Privilege, And This Time We Mean It

In 1999, the House of Lords in Reynolds v Times Newspapers Limited recognized a privilege defence for public interest journalism. Liberalising the law doesn't always achieve the desired effect, however, and in the more recent Jameel v Wall Street Journal their Lordships restated the principle. Defamation practitioner Adam Speker of 5 Raymond Buildings explains the background and where we are now

The journalist and one time libel litigant Adam Raphael ended on a pessimistic note his 1989 book, My Learned Friends, An Insider's View of the Jeffrey Archer Case and other Notorious Libel Actions. He wrote:

'The scene is thus set for many more years of wrangling and many more libel millionaires. But who really benefits? Neither the public nor the press. Neither plaintiffs nor defendants. Ogden Nash got it right: 'Professional people have no cares. Whatever happened they get theirs'.'

Journalists will seldom if ever be happy with the state of the libel laws in England but much has changed since 1989. Jeffrey Archer has been exposed as a liar, sent to prison and had to pay back his libel damages. The eye-watering jury awards of the past are now rare, as damages have generally decreased owing to the interventions of the Court of Appeal. The changes to civil procedure have resulted in fewer trials. There is now a defence of public interest for newspapers. Perhaps for Mr Raphael and Ogden Nash the most surprising development would be the introduction into this field of conditional fee agreements and costcapping, which has meant that solicitors and barristers are no longer always getting theirs.

Good news

It is just one of those developments - the public interest defence - which is the focus of this article. The recent House of Lords decision in Jameel v Wall Street Journal 1 is good news for journalists although it is neither new nor radical. It is a restatement of the liberalising judgment of the House of Lords in Reynolds v Times Newspapers Ltd 2, which in 1999 recognised a common law qualified privilege defence for public interest journalism to the world at large, but it should breathe new life into Reynolds since this latest message from that House is that the new defence it recognised has been too restrictively applied at first instance.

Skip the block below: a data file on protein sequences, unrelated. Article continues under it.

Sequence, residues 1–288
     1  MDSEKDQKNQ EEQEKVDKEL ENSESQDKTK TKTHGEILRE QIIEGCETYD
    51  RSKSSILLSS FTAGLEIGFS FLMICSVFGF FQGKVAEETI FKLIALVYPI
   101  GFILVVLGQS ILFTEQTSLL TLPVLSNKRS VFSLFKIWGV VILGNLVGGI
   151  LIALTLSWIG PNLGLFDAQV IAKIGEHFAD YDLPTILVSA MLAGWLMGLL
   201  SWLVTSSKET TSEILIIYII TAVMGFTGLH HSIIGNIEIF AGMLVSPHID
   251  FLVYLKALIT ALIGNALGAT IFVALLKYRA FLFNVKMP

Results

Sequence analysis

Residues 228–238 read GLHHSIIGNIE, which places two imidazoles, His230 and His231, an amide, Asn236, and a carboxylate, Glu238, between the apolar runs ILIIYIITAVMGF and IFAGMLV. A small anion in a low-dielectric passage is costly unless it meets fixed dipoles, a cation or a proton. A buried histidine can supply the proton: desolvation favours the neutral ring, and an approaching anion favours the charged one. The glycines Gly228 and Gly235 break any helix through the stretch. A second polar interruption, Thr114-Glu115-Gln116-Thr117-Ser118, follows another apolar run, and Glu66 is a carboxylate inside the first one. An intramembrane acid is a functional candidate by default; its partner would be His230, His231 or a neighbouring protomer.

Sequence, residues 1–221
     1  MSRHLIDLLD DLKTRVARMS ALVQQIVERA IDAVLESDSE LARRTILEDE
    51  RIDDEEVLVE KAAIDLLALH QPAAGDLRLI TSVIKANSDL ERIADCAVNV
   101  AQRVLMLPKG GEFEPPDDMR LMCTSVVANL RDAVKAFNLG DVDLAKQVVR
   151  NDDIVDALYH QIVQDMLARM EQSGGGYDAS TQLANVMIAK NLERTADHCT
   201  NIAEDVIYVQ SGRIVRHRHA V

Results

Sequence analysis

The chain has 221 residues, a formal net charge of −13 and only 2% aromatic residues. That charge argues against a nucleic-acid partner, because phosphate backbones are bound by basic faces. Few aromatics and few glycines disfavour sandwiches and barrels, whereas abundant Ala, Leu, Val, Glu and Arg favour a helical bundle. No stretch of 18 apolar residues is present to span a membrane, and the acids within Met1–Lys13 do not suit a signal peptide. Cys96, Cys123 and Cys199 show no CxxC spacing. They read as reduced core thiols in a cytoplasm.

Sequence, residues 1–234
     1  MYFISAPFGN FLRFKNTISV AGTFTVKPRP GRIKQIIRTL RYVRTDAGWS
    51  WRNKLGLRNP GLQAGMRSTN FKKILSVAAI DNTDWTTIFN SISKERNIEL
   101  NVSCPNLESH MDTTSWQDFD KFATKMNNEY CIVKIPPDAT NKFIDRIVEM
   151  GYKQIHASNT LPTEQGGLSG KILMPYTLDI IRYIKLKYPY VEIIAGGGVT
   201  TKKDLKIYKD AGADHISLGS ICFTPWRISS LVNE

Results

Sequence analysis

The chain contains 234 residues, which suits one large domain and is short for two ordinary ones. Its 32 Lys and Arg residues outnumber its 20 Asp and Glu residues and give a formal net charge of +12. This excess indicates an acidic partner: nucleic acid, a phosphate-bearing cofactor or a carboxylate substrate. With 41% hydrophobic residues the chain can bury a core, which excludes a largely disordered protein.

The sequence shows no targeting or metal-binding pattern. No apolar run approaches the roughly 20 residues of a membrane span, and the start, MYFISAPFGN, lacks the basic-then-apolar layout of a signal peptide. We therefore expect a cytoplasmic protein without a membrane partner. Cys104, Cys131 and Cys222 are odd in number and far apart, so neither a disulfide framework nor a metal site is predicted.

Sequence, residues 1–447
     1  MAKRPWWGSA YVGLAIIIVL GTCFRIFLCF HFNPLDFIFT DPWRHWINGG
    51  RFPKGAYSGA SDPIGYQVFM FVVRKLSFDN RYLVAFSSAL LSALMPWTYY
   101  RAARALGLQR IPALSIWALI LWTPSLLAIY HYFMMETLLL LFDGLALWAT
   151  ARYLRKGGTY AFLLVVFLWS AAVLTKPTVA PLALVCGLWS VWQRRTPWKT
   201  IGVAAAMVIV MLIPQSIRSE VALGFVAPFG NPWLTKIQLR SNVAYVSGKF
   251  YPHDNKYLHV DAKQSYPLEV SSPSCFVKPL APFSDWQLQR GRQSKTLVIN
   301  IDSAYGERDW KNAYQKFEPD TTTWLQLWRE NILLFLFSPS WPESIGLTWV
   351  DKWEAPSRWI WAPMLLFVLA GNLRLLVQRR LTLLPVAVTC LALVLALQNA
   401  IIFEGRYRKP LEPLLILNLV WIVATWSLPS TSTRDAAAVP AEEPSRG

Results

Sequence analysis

The impact of Jameel should not be seen in isolation from the other recent developments in media law. Lord Hoffman said at [38] that, 'until recently, the law of defamation was weighted in favour of claimants and the law of privacy weighted against them. True but trivial intrusions into private life were safe. Reports of investigations by the newspaper into matters of public concern which could be construed as reflecting badly on public figures domestic or foreign were risky. The House attempted to redress the balance in favour of privacy in (Naomi) Campbell v MGN 3 and in favour of the press to publish stories of genuine public interest in Reynolds. But this case suggests that Reynolds Ö has had little impact upon the way the law is applied at first instance. It is therefore necessary to restate the principles' .

In addition to the shift in the law's treatment of the private and the public, there should be awareness of the appellate decisions on the test to be applied for interim injunctive relief to restrain media publications4 and the correct test to apply. The latter requires balancing the competing rights under Articles 8 (respect for private and family life) and 10 (freedom of expression)5 as well as important decisions from Strasbourg confirming the extent to which Article 8 can give protection to an individual's reputation6 and freedom from harassment and intrusion by the press7. Whilst Jameel has had parts of Fleet Street dancing, it is likely that the Campbell decision (and subsequent case law) will have a greater impact upon journalism in this...

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